Fort Snelling State Park likely to remain closed until end of June

May 23, 2019 06:19 PM

Fort Snelling State Park will likely remain closed until at least July, officials said.

The Minnesota Department of Natural Resources said Thursday the park will remain closed through the month of June due to persistent flooding and damage.


The park is one of the state's busiest and most popular for hikers, bikers, birders and school groups, with more than 400,000 visitors each year, the DNR said.

"This is typically a very busy time of year for us with school field trips and with the weather finally getting nice again," said Assistant Park Manager Nick Bartels

Depending on weather conditions and work progress, the park could remain in effect until sometime in July, according to the DNR.

"We are asking the public to not enter the park at this time. This is important for their own safety and allows workers a safe place to complete repairs and clean-up. Emergency responders would have difficulty locating people in the closed park if needed," Fort Snelling State Park manager Kelli Bruns said in a news release.

Related: Fort Snelling State Park closed indefinitely due to flooding

KSTP's full coverage of spring flooding

The park originally closed in March.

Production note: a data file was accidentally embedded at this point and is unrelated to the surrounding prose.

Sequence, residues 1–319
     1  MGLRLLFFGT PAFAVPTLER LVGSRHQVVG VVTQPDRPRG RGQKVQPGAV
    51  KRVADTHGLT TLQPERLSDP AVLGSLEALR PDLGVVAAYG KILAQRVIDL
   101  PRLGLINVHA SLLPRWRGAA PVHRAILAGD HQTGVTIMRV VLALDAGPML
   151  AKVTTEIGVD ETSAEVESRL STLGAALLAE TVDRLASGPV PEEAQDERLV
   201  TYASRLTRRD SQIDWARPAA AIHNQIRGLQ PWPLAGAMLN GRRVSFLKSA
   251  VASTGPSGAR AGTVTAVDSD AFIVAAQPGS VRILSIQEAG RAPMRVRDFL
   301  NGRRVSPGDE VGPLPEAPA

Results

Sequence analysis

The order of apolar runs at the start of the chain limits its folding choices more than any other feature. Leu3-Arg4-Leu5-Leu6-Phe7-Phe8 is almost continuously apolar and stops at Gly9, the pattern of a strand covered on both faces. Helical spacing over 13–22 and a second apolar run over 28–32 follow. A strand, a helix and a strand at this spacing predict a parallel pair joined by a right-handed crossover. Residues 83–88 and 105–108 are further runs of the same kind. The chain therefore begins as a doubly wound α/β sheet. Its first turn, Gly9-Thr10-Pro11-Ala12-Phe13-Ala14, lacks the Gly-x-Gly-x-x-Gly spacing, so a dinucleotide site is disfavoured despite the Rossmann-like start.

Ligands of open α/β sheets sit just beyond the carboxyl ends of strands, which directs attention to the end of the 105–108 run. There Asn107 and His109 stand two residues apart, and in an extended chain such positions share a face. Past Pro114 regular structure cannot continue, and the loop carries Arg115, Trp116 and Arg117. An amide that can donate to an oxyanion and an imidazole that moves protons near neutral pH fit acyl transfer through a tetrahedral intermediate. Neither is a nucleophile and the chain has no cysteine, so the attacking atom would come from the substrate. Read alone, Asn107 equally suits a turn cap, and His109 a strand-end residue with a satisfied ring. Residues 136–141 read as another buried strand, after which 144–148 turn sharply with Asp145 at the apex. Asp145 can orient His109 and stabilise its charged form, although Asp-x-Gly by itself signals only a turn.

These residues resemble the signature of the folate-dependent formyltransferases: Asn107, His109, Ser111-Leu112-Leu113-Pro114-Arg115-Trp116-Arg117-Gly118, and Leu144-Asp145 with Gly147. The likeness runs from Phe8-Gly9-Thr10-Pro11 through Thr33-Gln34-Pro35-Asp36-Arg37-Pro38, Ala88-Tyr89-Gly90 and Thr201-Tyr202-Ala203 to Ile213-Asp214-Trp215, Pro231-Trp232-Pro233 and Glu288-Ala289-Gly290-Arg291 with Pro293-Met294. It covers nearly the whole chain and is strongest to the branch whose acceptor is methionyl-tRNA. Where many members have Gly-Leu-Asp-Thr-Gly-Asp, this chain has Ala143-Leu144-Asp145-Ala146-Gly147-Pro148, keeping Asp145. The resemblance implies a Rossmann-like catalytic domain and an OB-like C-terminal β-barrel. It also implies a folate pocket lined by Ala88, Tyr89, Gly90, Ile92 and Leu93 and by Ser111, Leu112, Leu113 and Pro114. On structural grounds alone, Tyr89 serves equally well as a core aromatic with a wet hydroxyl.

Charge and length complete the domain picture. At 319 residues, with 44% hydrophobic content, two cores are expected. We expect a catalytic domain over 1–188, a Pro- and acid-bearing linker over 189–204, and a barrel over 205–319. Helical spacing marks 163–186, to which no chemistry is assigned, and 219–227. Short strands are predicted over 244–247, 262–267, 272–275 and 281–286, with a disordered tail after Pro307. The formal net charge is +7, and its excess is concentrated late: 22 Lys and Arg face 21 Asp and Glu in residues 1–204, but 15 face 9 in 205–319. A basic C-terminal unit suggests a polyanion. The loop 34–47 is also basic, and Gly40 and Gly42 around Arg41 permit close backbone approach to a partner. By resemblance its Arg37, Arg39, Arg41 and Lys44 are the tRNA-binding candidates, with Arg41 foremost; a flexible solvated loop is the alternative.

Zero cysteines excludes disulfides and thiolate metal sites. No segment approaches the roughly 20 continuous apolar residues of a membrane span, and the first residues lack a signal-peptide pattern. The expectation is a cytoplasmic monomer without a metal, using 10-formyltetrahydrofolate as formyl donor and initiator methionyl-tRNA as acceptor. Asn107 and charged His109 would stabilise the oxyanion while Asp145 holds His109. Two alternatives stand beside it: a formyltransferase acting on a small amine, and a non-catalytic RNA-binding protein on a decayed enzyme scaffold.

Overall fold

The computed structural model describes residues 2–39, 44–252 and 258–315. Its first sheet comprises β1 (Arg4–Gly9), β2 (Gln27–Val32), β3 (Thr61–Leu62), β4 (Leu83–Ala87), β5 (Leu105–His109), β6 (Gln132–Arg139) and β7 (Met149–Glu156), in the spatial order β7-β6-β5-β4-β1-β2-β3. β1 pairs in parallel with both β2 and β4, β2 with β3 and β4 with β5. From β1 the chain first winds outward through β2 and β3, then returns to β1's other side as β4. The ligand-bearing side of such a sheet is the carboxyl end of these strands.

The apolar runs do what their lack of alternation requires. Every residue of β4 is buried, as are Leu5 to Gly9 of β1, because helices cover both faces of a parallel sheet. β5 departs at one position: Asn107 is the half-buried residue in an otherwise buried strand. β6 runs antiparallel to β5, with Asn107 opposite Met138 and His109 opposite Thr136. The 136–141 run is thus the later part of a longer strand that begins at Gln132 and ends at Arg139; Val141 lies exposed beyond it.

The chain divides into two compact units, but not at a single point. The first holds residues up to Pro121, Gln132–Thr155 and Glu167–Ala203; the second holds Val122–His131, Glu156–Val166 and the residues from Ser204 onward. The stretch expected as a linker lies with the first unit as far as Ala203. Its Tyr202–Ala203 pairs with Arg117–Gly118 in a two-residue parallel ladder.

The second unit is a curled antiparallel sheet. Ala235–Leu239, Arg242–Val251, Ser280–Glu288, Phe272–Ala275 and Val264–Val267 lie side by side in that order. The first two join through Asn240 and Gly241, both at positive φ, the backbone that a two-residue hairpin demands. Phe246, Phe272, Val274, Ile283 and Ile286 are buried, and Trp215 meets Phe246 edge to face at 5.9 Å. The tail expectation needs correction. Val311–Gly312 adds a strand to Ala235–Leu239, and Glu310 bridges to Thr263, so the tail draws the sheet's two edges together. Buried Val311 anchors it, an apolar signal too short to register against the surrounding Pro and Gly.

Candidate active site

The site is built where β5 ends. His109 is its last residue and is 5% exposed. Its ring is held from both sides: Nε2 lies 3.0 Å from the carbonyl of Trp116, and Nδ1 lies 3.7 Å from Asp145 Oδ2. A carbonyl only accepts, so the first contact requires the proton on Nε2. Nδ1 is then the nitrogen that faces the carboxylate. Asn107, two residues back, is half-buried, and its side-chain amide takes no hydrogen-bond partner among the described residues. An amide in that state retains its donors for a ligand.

This is a big deal. According to Bartels, the last time the park had to be shut down was back in 2014,  which only lasted for a month. It's already been shut down about two months now, and Bartels said they are facing some big challenges.

"I think that's a long time," said Chuck Woldum, a Bloomington resident, referring to how long the park will be closed.

But 2019 will likely be a different story.

Bartels said, "We had an extremely heavy snowpack during our late season snowfall events that we experienced, and we've had continued rainfall events since then."

The river reaching one of its highest ever crests and has remained at flood stage ever since.

Memorial Day events

Temporary road repair fixes totaling $75,000 to $100,000, and crews haven't even been able to access Picnic and Park islands to estimate those repair costs.

"At least for the next couple of weeks, we're not supposed to drop back below flood stage, so that carries a lot of sediment into the park onto our trails, and we'll have some significant clean up work that will need to be done," Bartels said.

Woldum added, "Oh not good, too many picnic places will be lost."

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Brandi Powell

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